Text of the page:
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Small molecule β-amyloid inhibitors that stabilize protofibrillar structures in vitro improve cognition and pathology in a mouse model of Alzheimer’s disease


JoAnne McLaurin, as above.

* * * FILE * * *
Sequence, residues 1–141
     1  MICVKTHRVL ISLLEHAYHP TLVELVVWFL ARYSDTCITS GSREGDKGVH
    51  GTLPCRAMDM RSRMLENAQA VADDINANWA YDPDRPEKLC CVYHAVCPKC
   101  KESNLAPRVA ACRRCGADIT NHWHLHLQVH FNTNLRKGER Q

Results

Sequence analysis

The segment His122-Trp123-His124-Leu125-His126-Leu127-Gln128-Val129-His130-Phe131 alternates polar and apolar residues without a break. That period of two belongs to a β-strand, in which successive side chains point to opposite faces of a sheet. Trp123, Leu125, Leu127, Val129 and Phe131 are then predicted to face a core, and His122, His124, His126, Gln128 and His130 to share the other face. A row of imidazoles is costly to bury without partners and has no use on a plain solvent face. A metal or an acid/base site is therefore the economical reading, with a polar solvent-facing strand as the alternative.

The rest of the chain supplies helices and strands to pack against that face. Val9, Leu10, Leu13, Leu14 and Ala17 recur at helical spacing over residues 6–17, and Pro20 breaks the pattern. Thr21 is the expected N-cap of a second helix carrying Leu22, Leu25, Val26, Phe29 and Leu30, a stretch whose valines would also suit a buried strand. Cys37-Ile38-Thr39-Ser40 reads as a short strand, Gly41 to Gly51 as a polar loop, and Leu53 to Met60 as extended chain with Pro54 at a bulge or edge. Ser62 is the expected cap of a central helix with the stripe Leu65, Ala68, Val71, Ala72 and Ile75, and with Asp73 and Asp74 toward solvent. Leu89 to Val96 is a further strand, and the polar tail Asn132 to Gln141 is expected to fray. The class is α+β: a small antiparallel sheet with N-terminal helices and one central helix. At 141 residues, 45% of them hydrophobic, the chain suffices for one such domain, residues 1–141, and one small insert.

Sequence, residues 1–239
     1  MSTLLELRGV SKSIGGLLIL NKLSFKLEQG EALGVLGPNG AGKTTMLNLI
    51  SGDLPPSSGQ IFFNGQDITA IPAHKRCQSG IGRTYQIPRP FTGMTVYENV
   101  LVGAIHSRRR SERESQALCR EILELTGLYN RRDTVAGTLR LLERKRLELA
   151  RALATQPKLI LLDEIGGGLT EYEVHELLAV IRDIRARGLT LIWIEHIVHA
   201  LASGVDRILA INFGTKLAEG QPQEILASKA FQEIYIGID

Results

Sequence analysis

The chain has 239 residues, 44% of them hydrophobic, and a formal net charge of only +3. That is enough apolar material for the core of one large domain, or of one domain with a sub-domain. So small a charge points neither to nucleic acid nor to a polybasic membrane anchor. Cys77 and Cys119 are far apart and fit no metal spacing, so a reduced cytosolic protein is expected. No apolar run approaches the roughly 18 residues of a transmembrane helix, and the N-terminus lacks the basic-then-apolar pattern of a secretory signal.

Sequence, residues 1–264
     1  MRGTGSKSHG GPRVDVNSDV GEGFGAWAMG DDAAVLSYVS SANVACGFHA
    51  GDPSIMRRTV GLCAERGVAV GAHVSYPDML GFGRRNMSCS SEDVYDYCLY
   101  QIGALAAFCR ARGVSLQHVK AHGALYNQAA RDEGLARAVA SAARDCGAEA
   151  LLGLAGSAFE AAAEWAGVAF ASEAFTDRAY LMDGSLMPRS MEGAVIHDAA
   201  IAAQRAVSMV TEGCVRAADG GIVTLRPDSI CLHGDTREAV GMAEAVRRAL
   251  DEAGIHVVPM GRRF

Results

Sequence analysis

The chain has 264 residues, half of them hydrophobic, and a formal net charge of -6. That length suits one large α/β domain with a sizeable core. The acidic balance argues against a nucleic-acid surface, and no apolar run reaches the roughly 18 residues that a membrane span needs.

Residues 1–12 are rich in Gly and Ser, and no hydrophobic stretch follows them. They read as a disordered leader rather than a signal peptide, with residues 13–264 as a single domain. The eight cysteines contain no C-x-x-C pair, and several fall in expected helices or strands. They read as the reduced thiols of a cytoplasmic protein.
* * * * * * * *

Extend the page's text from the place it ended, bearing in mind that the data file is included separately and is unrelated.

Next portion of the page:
β-Amyloid (Aβ) peptides are thought to play a major role in the pathogenesis of Alzheimer’s disease. Compounds that disrupt the kinetic pathways of Aβ aggregation may be useful in elucidating the role of oligomeric, protofibrillar and fibrillar Aβ in the etiology of the disease. We have previously reported that scyllo-inositol inhibits Aβ42 fibril formation but the mechanism(s) by which this occurs has not been investigated in detail. Using a series of scyllo-inositol derivatives in which one or two hydroxyl groups were replaced with hydrogen, chlorine or methoxy substituents, we examined the role of hydrogen bonding and hydrophobicity in the structure–function relationship of scyllo-inositol–Aβ binding. We report here that all scyllo-inositol derivatives demonstrated reduced effectiveness in preventing Aβ42 fibrillization compared with scyllo-inositol, suggesting that scyllo-inositol interacts with Aβ42 via key hydrogen bonds that are formed by all hydroxyl groups. Increasing the hydrophobicity of scyllo-inositol by the addition of two methoxy groups (1,4-di-O-methyl-scyllo-inositol) produced a derivative that stabilized Aβ42 protofibrils in vitro. Prophylactic administration of 1,4-di-O-methyl-scyllo-inositol to TgCRND8 mice attenuated spatial memory impairments and significantly decreased cerebral amyloid pathology. These results suggest that Aβ aggregation can be targeted at multiple points along the kinetic pathway for the improvement of Alzheimer’s disease-like pathology.

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